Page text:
KELOID & HYPERTROPHIC SCARS:
Keloids are the result of an overgrowth of dense fibrous tissue that usually develops after healing of a skin injury. The tissue extends beyond the borders of the original wound, does not usually regress spontaneously, and tends to recur after excision. Keloids are harmless to general health and do not change into skin cancers.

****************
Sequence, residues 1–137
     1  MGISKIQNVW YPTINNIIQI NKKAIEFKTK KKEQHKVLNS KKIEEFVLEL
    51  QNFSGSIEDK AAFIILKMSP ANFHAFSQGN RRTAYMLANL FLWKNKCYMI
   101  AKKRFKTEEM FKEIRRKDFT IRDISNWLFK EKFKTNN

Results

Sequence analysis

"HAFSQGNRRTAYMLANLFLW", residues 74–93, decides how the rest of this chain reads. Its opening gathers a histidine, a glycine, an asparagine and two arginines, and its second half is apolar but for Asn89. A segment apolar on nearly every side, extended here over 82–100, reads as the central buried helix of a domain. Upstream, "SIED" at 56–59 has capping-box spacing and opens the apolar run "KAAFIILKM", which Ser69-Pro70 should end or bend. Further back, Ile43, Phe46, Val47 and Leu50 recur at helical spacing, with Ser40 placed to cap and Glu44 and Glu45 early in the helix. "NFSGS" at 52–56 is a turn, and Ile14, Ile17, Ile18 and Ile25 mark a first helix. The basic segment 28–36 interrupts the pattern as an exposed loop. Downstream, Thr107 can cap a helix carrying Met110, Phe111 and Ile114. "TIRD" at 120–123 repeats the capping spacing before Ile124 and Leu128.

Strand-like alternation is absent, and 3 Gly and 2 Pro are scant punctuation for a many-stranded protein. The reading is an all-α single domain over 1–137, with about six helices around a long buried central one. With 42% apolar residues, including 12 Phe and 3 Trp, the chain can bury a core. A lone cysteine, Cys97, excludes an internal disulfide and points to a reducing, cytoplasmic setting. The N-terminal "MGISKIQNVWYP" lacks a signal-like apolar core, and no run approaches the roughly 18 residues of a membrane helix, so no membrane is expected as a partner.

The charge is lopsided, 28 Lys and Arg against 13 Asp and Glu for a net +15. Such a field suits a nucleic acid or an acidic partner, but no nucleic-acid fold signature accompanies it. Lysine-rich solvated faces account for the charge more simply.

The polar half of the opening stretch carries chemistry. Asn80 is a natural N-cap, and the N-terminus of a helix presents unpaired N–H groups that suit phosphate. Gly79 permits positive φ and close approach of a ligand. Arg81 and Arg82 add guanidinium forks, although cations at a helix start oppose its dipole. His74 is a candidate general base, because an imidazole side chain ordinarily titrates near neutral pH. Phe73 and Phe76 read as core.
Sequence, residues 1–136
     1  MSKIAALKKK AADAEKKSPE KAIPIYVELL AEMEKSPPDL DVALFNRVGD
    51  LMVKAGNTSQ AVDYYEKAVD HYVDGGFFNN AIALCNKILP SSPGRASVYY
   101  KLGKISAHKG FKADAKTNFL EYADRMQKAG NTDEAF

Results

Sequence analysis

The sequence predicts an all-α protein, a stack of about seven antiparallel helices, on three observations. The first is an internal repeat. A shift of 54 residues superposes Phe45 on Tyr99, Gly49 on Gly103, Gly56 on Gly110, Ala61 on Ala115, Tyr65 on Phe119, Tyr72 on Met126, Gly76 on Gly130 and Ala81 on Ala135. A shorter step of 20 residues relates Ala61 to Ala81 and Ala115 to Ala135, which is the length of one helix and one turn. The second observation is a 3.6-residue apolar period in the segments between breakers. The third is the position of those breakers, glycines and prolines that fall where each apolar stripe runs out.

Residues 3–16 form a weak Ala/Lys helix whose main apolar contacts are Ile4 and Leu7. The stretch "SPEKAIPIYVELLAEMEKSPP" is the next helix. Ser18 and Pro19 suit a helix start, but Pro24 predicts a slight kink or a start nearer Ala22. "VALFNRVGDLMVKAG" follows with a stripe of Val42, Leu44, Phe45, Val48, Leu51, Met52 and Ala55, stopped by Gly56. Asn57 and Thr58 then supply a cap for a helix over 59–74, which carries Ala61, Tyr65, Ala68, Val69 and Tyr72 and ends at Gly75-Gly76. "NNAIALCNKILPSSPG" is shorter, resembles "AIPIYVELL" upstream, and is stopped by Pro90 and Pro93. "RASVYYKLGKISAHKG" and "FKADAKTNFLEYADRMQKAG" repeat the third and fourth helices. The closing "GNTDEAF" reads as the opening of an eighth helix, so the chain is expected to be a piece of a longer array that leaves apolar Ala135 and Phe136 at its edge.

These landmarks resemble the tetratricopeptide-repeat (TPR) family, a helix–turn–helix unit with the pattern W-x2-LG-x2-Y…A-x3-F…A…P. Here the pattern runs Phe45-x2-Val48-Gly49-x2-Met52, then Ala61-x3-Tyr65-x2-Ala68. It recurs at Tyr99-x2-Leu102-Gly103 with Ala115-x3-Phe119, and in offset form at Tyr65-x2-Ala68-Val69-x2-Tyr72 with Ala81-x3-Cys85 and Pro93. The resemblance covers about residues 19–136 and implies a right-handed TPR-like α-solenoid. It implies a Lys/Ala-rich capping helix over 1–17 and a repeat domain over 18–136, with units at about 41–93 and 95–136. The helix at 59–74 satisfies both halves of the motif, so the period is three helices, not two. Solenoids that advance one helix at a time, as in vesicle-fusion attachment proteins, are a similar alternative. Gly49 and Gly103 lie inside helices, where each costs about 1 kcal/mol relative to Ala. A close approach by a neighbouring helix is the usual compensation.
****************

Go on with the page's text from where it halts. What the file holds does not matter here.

In contrast, hypertrophic scars are characterized by erythematous, pruritic, raised fibrous lesions that typically do not expand beyond the boundaries of the initial injury and may undergo partial spontaneous resolution. Hypertrophic scars are common after thermal injuries and other injuries that involve the deep dermis.